7 Supply Constraints Benefit Public Builders n As supply constraints emerged in the 1990s, so too did competitive advantages for some builders over others. n Public builders have been beneficiaries of this change: Ø Have superior access to capital, at a lower cost. Ø Develop much of their own land. Ø Receive “first look” at lots that are made available by 3rd party developers. Ø Experience across thousands of projects with a range of product types, terrain, and various permitting hurdles gives the public builders negotiating leverage. Ø Market share consolidation has led to lower production costs for publics. n Small Builders: Ø Cannot develop their own land due to cash flow constraints. Ø Choosing from “leftover” lots – overpriced, difficult locations or terrain. Ø Those with strong land acquisition skills typically become land specialists, or work for large builders.
8 A Significant Multiple Expansion Story n Throughout the mid-1990s, the builders traded at an average forward P/E of 10x. Ø Estimates during this period were “normalized” – neither peak nor trough. n We believe the builders are positioned to one day benefit from a major revaluation that takes forward P/E multiples to the 13x-15x range on “normalized” earnings. n Compared to history, the builders are: Ø Considerably larger Ø More geographically diversified Ø Less leveraged, with 7 companies rated investment grade. Ø Positioned for sustained double-digit growth through market share gains alone, Ø Substantially more profitable than in prior downturns. n The building industry warrants a higher relative multiple compared to other sectors: Ø Pricing – home prices have outpaced inflation by 1-2% over 40 yrs. Ø No Int’l competition – the rise of Chinese imports makes homebuilding a “safer harbor” Ø No Big Box threat – immune to deflation from HD, LOW, WMT, COST Ø Pension liabilities – builders have few direct employees. Ø Consolidation – in the early stages of a significant industry consolidation. n An eventual revaluation provides a multi-year opportunity in the stocks, in our view.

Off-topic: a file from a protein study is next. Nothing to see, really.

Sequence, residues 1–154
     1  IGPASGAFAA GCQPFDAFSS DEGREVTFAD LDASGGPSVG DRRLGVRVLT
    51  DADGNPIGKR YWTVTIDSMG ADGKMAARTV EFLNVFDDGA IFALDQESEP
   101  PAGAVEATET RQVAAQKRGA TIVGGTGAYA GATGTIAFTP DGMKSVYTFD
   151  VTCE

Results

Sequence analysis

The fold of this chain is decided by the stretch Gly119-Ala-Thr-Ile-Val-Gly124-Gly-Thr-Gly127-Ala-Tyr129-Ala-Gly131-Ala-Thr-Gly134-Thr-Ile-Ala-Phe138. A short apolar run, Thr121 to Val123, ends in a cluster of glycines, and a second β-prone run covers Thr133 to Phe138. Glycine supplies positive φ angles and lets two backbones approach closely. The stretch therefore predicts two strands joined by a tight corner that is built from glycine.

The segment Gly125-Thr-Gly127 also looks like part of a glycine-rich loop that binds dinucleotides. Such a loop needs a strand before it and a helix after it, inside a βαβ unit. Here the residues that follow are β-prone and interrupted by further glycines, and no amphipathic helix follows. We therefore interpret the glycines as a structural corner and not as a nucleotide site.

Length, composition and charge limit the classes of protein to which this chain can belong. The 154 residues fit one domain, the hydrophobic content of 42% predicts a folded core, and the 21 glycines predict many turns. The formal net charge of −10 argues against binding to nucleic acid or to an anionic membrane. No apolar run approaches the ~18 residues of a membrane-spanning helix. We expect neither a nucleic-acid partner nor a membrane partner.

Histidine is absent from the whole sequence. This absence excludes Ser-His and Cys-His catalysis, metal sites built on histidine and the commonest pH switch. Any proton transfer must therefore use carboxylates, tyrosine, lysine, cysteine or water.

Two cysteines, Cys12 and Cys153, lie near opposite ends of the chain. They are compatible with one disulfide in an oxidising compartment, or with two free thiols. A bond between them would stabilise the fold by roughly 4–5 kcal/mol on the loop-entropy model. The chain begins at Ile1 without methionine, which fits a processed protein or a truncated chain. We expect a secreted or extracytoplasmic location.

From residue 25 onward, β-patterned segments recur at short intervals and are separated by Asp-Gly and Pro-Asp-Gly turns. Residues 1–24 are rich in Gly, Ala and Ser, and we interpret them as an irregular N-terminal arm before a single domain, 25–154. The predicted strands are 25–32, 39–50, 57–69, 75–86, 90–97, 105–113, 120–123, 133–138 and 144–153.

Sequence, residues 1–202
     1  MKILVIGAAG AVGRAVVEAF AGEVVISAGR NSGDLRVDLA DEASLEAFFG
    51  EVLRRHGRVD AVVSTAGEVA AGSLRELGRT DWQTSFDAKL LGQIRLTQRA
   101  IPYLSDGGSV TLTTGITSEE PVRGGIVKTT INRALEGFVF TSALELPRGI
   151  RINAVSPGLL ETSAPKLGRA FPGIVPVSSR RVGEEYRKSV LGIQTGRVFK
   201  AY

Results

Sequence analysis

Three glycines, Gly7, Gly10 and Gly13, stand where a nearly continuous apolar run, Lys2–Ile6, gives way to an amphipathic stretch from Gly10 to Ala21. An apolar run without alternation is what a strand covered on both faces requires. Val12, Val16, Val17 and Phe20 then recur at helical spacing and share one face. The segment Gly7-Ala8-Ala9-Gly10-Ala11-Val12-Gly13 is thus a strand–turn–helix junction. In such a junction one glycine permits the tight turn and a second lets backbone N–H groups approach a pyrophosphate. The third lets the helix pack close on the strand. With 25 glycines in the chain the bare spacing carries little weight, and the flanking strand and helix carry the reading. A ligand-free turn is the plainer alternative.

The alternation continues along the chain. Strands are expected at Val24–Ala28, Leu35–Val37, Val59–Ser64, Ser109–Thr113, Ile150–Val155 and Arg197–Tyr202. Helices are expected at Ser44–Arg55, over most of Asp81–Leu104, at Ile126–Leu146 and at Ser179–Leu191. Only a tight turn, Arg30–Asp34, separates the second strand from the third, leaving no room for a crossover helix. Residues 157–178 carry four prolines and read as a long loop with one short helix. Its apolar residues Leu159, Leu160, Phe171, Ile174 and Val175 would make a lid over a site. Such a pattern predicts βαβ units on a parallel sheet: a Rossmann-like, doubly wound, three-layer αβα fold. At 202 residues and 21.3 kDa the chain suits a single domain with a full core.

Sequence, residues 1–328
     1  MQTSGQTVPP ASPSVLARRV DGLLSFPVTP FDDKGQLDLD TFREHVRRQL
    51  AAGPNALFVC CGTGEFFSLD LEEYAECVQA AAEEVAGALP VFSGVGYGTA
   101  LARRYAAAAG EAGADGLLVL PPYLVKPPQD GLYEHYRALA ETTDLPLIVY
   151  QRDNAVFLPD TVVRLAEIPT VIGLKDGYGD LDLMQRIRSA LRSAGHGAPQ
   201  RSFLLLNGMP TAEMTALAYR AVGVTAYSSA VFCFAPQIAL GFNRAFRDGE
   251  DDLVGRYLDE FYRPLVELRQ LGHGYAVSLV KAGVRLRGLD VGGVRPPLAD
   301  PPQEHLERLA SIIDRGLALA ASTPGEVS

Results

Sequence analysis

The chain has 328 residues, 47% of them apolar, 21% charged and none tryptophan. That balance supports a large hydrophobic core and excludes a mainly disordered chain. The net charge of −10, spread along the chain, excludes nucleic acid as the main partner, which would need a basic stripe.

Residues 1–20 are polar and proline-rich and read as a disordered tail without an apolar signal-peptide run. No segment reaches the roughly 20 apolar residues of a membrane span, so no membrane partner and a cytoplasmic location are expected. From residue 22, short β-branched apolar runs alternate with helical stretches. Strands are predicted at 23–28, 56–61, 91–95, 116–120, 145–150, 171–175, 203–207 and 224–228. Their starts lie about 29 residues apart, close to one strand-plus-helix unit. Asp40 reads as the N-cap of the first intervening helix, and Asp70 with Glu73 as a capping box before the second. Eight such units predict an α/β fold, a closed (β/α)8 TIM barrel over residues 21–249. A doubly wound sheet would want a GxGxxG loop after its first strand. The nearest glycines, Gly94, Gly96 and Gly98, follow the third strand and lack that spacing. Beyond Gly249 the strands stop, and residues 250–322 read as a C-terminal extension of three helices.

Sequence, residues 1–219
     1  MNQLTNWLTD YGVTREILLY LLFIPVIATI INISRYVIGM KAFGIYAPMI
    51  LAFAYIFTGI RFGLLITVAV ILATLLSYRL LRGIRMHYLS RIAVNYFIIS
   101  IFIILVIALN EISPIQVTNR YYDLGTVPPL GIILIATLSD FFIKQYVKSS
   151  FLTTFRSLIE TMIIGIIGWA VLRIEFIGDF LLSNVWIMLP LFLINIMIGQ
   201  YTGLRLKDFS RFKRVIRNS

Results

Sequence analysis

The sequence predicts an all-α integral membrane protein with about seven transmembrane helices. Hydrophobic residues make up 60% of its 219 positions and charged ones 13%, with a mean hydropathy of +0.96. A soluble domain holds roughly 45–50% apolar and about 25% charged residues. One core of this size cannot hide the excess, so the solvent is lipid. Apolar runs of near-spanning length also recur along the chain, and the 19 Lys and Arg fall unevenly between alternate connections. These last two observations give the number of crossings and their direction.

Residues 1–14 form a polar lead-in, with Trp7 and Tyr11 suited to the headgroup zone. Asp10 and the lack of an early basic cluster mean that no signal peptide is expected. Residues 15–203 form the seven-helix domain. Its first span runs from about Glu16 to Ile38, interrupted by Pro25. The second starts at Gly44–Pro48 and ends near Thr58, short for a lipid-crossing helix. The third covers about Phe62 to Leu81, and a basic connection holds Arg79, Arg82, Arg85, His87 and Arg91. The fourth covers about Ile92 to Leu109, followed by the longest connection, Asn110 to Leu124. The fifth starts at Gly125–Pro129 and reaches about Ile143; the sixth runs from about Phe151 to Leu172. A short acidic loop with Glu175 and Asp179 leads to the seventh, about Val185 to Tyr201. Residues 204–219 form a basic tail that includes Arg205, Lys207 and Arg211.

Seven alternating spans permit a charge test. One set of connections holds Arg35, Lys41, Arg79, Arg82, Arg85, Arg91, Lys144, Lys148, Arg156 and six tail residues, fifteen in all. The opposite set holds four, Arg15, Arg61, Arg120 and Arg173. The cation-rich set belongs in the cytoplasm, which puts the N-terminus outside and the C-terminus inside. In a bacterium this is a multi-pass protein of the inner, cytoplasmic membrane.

9 The Near-Term Outlook: Book values offer a compelling entry point. We predict only modest book value declines of 5-10% over the next year. While headline risk may limit near-term gains, we recommend investors to watch for company-specific buying opportunities in advance of a back-half rally. Land vintage analysis helps isolate those builders with attractive land positions. Write-off risk also varies by builder. Historical relationship between ROE and P/B multiples highlights relative value. We believe order trends will steadily improve and turn positive in 3Q ‘07. Cancellation rates change from being a negative to a positive factor. Easier comparisons coming. This should drive recovering earnings in FY08 and FY09, allowing a return to P/E multiples.